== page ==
In cities worldwide, a transformation is occurring, driven by the ability to pull insights from data. Whether it’s government administration, public safety, buildings, transportation, or tourism, cities are finding new ways to connect IT systems and free up data to improve services across nearly every city function.
The stakes are huge. According to Microsoft-sponsored research from IDC, government organizations worldwide stand to gain $206 billion in value over the next four years by connecting data streams, using new analytics tools, and delivering insights to more people. So what can modern cities do to become “smart cities” and tap into this data dividend?
The mega-trends in technology that make it possible are cloud, mobile and embedded devices, social media, and analytics. Unifying these technologies through an open platform that works cohesively from end to end is crucial. Cities should look for a secure cloud platform, powerful and modern analytics software, familiar productivity tools, and technologies that can work with the same data from the moment it is collected by sensors or mobile devices, all the way to desktop, laptop, and tablet computers used by city employees.
Once the data is open and available, almost any city operation can be improved. Here are four areas where cities can tap their data to make a big impact.
The Singapore Public Utilities Board/National Water Agency (PUB) worked with Microsoft to develop the MyWaters app for Windows Phone and Windows 8 to deliver water-related information before natural disasters such as flash floods or rising sea levels catch them off guard. Singaporeans can check the app for information about key drains and canals during storms, and get real-time updates and images from CCTVs on road situations during heavy downpours. Users can also view and share photos from PUB’s Active, Beautiful, Clean Waters sites; learn water conservation tips; and provide feedback on water-related issues so the agency can better respond during emergencies. The app has provided citizens with seamless, up-to-date information while providing a great channel for the agency to interact with users.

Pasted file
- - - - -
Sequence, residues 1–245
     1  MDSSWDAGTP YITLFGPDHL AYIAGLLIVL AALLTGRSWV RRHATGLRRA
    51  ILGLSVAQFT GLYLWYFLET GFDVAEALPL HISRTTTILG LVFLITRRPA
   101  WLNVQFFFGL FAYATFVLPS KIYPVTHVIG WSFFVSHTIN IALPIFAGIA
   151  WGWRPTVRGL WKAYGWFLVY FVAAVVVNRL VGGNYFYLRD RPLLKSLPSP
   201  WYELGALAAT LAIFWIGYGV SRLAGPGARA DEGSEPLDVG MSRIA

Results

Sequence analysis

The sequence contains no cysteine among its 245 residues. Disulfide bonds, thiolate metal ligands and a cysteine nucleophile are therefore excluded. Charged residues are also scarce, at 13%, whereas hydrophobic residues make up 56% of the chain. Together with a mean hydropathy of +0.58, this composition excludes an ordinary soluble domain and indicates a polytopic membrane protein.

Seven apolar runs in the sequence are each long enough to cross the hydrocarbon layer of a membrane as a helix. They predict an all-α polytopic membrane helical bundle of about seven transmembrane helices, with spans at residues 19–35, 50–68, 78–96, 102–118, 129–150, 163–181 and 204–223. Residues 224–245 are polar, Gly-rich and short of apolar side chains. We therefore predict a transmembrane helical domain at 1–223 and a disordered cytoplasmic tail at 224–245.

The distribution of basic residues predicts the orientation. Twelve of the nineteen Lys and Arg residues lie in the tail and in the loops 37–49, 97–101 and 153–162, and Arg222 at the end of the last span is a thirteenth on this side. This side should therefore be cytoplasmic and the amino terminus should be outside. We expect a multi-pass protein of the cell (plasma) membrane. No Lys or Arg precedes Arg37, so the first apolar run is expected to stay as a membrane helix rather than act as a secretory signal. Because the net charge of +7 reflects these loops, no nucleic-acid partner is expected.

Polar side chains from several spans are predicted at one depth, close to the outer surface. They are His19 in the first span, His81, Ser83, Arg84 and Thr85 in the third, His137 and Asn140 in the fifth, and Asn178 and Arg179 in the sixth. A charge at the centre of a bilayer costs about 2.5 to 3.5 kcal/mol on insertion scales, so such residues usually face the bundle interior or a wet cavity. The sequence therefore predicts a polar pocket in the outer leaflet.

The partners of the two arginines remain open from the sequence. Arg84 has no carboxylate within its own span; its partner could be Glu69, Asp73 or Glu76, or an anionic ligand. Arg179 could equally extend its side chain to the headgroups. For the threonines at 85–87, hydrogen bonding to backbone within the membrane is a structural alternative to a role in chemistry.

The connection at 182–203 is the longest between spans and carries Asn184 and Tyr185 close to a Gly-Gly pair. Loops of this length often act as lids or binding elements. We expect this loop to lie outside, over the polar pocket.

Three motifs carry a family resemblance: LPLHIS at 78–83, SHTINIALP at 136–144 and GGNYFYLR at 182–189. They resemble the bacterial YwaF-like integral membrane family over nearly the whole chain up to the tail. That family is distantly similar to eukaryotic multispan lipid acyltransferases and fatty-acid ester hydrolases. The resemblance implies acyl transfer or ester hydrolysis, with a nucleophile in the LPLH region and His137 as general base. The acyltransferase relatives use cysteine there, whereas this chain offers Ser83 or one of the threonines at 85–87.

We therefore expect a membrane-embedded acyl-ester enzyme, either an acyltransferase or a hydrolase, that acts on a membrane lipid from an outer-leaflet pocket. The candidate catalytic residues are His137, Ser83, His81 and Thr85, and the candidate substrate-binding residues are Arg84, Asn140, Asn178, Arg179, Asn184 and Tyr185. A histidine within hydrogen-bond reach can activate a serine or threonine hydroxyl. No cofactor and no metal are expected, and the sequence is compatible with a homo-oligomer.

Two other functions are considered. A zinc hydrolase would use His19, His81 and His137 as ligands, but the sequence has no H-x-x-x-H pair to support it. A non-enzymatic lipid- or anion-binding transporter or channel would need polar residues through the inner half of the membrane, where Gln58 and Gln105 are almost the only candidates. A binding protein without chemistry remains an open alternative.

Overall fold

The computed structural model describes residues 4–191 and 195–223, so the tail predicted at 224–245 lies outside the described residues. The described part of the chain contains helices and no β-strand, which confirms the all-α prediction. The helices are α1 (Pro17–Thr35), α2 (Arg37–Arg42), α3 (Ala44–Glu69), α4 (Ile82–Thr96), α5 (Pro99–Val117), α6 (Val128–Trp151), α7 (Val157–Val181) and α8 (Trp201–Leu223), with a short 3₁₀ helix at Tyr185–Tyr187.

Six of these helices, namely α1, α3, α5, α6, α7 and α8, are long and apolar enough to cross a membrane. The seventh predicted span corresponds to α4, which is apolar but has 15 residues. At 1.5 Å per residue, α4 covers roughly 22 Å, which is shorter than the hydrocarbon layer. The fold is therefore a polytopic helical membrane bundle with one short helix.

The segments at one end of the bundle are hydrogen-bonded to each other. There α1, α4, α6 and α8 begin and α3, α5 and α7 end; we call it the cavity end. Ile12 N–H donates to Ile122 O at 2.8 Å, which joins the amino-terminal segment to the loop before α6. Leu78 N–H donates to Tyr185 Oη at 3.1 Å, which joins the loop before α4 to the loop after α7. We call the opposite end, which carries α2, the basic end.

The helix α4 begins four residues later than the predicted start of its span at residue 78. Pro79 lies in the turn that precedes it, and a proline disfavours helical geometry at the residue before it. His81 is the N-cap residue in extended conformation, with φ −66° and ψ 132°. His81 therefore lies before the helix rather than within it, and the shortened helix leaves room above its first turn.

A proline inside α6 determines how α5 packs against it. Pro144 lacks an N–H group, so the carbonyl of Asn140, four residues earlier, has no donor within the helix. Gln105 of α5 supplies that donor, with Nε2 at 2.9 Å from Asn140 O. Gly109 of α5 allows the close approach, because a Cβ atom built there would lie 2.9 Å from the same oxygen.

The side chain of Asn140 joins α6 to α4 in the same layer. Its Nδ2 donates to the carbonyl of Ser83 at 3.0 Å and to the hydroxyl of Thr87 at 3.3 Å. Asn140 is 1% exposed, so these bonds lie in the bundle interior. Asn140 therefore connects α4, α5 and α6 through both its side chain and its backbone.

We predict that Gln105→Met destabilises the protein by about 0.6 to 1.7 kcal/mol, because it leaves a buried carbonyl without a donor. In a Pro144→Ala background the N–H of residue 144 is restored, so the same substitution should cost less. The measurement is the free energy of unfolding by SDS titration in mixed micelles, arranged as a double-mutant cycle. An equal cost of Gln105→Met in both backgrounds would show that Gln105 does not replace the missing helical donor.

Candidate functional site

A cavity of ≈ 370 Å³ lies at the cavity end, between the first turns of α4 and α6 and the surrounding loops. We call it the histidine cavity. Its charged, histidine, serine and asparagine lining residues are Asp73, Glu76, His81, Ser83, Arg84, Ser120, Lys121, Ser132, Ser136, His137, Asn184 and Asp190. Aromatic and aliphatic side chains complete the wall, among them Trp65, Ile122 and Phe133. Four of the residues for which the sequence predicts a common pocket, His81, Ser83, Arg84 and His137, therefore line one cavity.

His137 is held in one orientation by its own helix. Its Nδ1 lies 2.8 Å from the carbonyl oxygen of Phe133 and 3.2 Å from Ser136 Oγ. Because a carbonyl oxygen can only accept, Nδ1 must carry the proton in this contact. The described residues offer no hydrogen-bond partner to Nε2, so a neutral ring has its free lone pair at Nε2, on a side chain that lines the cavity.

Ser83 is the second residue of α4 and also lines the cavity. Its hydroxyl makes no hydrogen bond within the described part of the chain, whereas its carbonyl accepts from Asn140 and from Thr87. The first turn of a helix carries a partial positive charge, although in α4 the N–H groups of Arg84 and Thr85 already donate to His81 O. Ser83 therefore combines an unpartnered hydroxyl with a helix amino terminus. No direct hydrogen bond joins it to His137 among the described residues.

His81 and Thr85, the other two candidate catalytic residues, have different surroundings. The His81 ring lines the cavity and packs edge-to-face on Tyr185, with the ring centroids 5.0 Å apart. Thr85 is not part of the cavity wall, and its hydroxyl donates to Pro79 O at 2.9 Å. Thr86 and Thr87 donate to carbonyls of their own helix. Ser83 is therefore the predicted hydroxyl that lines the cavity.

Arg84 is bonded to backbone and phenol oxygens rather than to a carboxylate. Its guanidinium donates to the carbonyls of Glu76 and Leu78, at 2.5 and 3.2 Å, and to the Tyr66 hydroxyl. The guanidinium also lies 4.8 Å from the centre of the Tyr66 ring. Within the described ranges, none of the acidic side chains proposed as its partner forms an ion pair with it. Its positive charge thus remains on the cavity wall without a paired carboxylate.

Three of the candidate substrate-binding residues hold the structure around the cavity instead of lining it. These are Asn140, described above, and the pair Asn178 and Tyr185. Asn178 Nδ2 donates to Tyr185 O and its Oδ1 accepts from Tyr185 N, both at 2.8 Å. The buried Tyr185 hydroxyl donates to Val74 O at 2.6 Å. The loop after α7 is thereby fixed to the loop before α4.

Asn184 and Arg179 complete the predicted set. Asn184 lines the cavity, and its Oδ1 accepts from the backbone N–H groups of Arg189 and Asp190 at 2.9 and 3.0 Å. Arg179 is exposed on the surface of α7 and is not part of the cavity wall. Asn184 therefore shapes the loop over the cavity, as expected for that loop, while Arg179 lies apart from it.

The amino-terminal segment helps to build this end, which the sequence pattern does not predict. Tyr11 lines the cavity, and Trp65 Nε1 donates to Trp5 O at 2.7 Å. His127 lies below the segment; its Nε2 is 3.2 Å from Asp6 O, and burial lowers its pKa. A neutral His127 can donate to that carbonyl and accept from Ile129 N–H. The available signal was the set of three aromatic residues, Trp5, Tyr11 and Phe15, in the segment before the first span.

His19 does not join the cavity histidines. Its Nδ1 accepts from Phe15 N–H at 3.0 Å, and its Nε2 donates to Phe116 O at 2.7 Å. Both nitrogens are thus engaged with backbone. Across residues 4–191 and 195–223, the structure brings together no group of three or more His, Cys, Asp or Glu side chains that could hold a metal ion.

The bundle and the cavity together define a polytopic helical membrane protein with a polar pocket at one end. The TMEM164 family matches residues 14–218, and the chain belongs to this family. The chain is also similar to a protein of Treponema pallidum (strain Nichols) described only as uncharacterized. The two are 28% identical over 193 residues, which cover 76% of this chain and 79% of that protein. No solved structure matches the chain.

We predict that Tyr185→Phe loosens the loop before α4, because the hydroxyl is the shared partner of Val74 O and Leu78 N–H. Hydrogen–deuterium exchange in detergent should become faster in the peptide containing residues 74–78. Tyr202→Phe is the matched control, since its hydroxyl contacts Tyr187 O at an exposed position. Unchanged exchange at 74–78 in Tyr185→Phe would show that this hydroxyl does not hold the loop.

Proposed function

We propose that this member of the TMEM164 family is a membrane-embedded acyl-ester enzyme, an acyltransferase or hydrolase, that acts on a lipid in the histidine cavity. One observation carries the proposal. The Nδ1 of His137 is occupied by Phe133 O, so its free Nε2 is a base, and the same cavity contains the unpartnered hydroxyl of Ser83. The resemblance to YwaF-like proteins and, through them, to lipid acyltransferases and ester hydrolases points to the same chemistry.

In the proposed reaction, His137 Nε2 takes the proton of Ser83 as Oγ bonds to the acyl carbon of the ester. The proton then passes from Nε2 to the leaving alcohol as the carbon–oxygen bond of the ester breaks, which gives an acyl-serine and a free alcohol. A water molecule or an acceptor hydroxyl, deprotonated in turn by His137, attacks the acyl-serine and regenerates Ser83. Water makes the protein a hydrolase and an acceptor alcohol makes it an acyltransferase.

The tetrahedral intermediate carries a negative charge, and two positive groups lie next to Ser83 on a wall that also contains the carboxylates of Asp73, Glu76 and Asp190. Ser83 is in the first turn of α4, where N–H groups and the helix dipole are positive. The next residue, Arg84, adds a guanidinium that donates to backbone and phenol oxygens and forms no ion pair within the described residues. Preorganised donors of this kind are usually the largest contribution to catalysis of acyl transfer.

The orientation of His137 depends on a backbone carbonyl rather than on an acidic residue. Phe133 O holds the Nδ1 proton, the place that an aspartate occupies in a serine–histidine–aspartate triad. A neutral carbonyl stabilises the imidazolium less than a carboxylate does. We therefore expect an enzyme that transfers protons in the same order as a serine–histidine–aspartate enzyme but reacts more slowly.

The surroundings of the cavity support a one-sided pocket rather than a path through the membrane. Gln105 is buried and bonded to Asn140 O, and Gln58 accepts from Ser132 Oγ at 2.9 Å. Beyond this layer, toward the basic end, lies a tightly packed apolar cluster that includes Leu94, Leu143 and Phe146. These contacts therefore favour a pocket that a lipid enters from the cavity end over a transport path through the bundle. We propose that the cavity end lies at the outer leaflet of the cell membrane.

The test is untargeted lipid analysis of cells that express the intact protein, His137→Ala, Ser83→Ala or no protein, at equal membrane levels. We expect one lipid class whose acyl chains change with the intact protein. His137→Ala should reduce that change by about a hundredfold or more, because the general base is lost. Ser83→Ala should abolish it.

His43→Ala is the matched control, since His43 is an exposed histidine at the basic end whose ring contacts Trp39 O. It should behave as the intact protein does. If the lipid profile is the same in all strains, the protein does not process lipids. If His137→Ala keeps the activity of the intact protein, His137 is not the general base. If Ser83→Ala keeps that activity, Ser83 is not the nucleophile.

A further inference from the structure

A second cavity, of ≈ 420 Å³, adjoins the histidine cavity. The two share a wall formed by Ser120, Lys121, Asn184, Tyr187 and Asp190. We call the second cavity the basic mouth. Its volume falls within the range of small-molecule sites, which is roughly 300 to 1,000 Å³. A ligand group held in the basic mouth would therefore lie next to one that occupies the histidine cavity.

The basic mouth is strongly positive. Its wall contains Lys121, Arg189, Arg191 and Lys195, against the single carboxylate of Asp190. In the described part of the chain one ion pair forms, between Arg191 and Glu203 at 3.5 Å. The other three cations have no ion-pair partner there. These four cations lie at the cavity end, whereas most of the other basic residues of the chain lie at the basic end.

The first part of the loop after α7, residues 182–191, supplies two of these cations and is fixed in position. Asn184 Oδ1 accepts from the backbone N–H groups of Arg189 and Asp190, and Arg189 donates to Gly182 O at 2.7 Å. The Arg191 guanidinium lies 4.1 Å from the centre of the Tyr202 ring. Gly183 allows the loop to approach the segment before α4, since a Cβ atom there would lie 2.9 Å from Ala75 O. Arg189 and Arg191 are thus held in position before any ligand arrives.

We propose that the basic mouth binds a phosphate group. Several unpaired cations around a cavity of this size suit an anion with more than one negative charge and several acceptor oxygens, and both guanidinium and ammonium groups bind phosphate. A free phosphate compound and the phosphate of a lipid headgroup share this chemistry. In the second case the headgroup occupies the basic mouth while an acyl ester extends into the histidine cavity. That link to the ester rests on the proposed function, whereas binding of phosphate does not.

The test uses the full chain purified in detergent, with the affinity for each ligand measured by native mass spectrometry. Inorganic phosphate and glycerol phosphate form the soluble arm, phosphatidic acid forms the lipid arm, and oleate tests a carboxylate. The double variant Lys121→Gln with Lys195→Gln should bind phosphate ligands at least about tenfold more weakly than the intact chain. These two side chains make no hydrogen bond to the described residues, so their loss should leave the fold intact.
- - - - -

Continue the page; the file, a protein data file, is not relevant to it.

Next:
This is another area where cities can offer innovative, affordable solutions that help improve the lives of citizens. Incorporating mobile devices and social media can help modernize a city’s 911 systems and ensure a fast, coordinated response when seconds matter. The City of New York Police Department (NYPD) has taken it a step further with its Domain Awareness System, a solution that aggregates and analyzes public safety data in real time, providing NYPD investigators and analysts with a comprehensive view of potential threats and criminal activity.
Transportation is one of the most important drivers for social and economic development, so it’s not surprising that this is another big area where cities around the world are investing in technology. Using expanded data analysis capabilities, the Helsinki (Finland) Bus Transportation Company has reduced fuel consumption, increased customer satisfaction, and is even using sensor data to proactively identify vehicles that are developing mechanical problems for maintenance.
Buildings and infrastructure
A city’s physical assets, such as its buildings and infrastructure, can also be improved using data from business systems, data stores, audio-video camera feeds, sensors, and even social media applications. Recently the City of Seattle implemented a smart building solution that is designed to increase energy efficiency in large commercial buildings across the downtown corridor. The solution has been piloted in an initial set of buildings totaling approximately 2 million square feet, and the goal of the project is to reduce downtown energy use by 25 percent.
Efficient, healthy cities are competitive cities, able to attract more citizens, businesses and tourists, and build robust, stable commerce. In this era of rapid urbanization and decreasing budgets, governments must find ways to address urban challenges and build new capabilities with less. Using technology to build a new data dividend for citizens just makes sense.
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